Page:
My hackles were ruffledPosted: February 6, 2019 Filed under: Uncategorized | Tags: congruent conflation, expressions, humor, language, malaphor, raise my hackles, ruffle my feathers, words Leave a comment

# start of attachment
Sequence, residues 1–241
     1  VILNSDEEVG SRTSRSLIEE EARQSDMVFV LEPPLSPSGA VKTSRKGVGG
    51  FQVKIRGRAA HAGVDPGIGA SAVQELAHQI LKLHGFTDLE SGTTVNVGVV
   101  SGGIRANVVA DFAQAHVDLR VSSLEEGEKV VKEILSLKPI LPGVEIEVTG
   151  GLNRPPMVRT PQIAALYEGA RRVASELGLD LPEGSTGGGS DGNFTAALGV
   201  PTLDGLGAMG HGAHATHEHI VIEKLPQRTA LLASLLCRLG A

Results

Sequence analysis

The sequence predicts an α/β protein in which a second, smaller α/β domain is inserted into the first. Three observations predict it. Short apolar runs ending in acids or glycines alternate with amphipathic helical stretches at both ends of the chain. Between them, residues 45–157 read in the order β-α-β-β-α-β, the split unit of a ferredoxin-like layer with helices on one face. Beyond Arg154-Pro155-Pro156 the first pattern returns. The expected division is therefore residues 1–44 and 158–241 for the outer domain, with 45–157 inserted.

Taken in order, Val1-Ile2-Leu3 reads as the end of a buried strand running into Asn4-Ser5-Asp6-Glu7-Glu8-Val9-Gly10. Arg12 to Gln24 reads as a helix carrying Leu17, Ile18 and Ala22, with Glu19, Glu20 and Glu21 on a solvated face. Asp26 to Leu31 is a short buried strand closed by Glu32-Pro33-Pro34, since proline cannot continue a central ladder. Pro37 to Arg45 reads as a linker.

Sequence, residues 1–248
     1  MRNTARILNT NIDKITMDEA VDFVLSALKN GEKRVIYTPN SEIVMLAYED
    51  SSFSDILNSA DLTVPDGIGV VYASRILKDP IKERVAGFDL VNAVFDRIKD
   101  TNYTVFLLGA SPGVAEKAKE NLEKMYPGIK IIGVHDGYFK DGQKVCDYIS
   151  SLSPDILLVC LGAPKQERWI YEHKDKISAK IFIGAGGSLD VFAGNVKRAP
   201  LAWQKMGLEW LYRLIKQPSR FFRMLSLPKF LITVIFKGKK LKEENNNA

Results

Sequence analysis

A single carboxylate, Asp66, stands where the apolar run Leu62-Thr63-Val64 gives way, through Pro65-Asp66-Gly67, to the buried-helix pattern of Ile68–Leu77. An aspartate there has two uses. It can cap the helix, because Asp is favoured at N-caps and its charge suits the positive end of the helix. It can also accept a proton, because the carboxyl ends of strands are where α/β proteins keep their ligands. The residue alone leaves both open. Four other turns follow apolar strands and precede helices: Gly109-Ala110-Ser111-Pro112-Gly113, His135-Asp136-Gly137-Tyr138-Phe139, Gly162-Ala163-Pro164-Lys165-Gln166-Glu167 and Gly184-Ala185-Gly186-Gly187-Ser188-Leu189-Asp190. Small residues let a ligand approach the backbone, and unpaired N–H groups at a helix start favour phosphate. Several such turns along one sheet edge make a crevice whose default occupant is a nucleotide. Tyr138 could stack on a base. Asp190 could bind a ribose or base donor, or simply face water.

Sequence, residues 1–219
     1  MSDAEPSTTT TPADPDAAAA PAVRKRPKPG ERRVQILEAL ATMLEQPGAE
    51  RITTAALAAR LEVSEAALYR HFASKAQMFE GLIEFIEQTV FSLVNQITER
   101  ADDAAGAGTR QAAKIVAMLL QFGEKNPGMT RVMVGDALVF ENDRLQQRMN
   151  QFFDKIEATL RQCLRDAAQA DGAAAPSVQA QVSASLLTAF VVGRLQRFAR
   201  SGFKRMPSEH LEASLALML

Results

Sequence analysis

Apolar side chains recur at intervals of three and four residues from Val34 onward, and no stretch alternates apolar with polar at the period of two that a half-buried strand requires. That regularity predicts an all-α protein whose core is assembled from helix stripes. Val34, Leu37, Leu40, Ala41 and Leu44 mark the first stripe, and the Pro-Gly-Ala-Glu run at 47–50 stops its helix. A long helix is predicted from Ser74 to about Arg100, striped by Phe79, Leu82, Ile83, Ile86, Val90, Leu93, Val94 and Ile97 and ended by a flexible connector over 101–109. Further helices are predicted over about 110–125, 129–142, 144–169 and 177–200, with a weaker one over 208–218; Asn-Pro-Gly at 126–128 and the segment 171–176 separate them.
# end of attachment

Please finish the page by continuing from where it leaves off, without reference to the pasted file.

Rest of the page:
This was overheard at a nearby table at breakfast. This is a brilliant congruent conflation of “ruffle (ones’) feathers” and “raise (one’s) hackles”, both meaning to make one irritated or angry. “Ruffle” and “raise” both begin with the letter r, possibly contributing to the mix. By the way, do you know what “hackles” are? Hackles are the hairs on the back of an animal’s neck, which stick up when the animal feels fearful or angry (late 1800s). So, the two expressions involve some type of body covering sticking up, a perfect explanation of the mashup. A bravo to Sam Edelmann who heard this one all the way from India.